Head-turner: Lamborghini presents its latest supercar Huracán
The new Lamborghini Huracán doesn't skimp on the drama. It takes a certain amount of chutzpah to put so much on such prominent public display, and the Italian manufacturer knows full well that its cars are about drama, spectacle, sound and fury. Paradoxically, it's the radar-evading forms of American stealth fighter technology that's provided stylistic inspiration for the last few generations of Lamborghini's V10 and V12 powered supercars. From the 2001 Murciélago onwards, Lamborghini's signature has been the angle. Under the direction of Luc Donckerwolke, now head of all VW design, the Italian marque slavishly followed a fetish for facets, with lights, grilles and intakes reduced to stark geometric forms, slashed into the bodywork. The Gallardo and Aventador models that followed continued the theme, although it was taken to its most extreme in limited editions like the Sesto Elemento and Egoista.
The 'baby' of the range, the Huracán replaces the hugely successful Gallardo, the best-selling Lamborghini ever made. Ever since Audi acquired the brand in 1998, Lamborghini has received a quality-boosting fillip to its image, as well as a hefty chunk of technological cross-pollination that has helped both marques. The Gallardo was the biggest recipient of this new partnership, being closely related to the first generation Audi R8. Unsurprisingly, the Huracán also shares a sizeable chunk of its mechanical innards with the second generation R8. Both are four-wheel drive, mid-engined V10 two-seaters. But there, it has to be said, the resemblance ends.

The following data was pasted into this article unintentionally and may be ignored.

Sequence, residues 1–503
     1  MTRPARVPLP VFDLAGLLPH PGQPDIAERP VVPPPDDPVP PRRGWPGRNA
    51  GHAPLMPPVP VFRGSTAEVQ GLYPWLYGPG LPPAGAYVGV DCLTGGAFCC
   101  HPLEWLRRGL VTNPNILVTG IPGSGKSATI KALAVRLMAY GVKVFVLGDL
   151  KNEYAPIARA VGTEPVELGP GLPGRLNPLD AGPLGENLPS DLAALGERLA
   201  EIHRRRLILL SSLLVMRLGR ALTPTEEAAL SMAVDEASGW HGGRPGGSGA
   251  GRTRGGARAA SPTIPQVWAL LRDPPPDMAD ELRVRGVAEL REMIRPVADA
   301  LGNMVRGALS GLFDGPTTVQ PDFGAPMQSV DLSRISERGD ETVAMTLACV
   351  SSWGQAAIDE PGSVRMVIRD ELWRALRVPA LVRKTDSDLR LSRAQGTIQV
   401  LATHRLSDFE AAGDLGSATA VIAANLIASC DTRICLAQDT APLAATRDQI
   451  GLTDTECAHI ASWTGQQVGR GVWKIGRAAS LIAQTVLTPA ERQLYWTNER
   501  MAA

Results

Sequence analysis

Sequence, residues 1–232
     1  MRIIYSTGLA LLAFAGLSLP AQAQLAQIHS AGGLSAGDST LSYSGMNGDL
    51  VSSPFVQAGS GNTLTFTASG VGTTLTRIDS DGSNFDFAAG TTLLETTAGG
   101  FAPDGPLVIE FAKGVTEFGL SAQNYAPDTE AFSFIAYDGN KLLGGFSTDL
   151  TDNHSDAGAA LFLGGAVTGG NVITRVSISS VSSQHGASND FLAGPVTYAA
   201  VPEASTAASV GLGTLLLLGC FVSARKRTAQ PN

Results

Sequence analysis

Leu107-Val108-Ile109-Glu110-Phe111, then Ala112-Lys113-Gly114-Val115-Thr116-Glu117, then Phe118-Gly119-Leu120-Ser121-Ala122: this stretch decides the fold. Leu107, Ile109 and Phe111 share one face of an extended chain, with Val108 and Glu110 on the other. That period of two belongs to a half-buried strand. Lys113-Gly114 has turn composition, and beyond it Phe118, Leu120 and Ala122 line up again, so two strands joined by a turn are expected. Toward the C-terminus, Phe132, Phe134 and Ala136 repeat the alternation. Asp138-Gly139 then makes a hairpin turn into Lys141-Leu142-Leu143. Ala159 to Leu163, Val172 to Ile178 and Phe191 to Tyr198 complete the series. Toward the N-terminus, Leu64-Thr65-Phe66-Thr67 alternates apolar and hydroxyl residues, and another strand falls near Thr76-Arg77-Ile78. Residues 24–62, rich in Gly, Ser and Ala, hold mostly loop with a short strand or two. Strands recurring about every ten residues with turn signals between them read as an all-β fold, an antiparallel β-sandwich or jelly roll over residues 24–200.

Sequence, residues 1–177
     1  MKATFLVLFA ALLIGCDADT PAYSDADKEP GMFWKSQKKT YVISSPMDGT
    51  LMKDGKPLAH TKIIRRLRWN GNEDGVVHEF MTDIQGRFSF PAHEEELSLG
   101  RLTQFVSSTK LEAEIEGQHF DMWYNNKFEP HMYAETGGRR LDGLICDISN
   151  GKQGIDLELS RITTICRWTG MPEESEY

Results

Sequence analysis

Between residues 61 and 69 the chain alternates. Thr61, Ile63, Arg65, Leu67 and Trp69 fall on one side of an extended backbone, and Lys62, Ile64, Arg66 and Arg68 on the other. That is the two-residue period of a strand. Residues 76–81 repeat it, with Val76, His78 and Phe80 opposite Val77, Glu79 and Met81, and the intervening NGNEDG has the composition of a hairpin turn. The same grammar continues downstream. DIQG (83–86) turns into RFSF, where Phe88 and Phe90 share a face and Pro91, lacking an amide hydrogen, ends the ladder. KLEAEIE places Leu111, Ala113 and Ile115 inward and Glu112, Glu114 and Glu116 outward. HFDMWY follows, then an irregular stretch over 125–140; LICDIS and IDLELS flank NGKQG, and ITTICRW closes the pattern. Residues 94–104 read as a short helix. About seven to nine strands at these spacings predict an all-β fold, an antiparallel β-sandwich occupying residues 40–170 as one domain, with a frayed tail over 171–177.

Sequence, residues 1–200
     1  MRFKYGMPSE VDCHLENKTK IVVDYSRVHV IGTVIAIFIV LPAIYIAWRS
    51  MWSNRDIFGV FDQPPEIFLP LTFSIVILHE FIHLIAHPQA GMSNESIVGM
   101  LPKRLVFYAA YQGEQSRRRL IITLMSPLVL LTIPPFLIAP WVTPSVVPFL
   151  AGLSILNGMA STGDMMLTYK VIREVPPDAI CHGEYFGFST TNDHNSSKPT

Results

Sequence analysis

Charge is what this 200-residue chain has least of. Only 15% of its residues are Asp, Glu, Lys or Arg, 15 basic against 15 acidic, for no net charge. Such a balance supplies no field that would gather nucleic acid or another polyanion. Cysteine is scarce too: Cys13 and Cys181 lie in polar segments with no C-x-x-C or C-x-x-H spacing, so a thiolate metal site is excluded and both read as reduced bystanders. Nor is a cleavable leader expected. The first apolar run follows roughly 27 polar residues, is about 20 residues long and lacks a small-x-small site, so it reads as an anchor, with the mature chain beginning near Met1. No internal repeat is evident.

It's a testament to the power of brand identity that the two cars looks so incredibly different. While the R8 is elegant and relatively discrete, the Huracán is an out and out attention grabber. Even before you've fired up the engine, the world is craning its collective neck to get a look. Huracán ownership comes with a sort of self-contained bubble of public interest as all eyes (and smartphones) are inexorably drawn to the car and, presumably, the identity of its occupant. This, we suspect, is exactly what owners want and expect.
Get behind the wheel (blanking out the demands of the outside world) and you can see why this is a special place to be. The dramatic exterior forms are carried through to a dashboard that's kinked and faceted and stacked up with digital dials and read-outs and multiple switches. Again, the visual riff is on the fighter jet; just as Harley Earl translated the thrusting gung-ho forms of Fifties war machines into an elaborate Detroit Baroque, the Huracán distils the cloak and dagger design of today's military-industrial-technical complex into a piece of highly desirable machinery.
Ignoring the Freudian origins of a product that harks after weaponry and is named after a fighting bull (as are all Lamborghinis), the Huracán is an object to savour, whether you're driving it, watching it or even listening to it. The furious snarls, crackles and pops produced by a modern engine are carefully engineered, but any questions of authenticity are banished by the experience of driving. 100km/h is reached in just over three seconds and the - academic, naturally - top speed is over 200 mph, an essential if irrelevant statistic that confers membership of the modern supercar club.
For now, the Huracán is the core of the brand, but within a few years Lamborghini will be selling the Urus, its first modern SUV (discounting the entertainingly absurd LM002 of the 80s). It will inevitably trounce the Huracán in the showroom, if not on the track. The traditional, low-slung supercar looks set to become increasingly scarce, just as the Huracán creates the ultimate template as to how they should be done.